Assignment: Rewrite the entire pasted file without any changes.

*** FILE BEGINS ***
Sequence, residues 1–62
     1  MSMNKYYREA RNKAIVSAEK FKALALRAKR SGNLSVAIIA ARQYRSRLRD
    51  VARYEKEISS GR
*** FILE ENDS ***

Sequence, residues 1–62
     1  MSMNKYYREA RNKAIVSAEK FKALALRAKR SGNLSVAIIA ARQYRSRLRD
    51  VARYEKEISS GR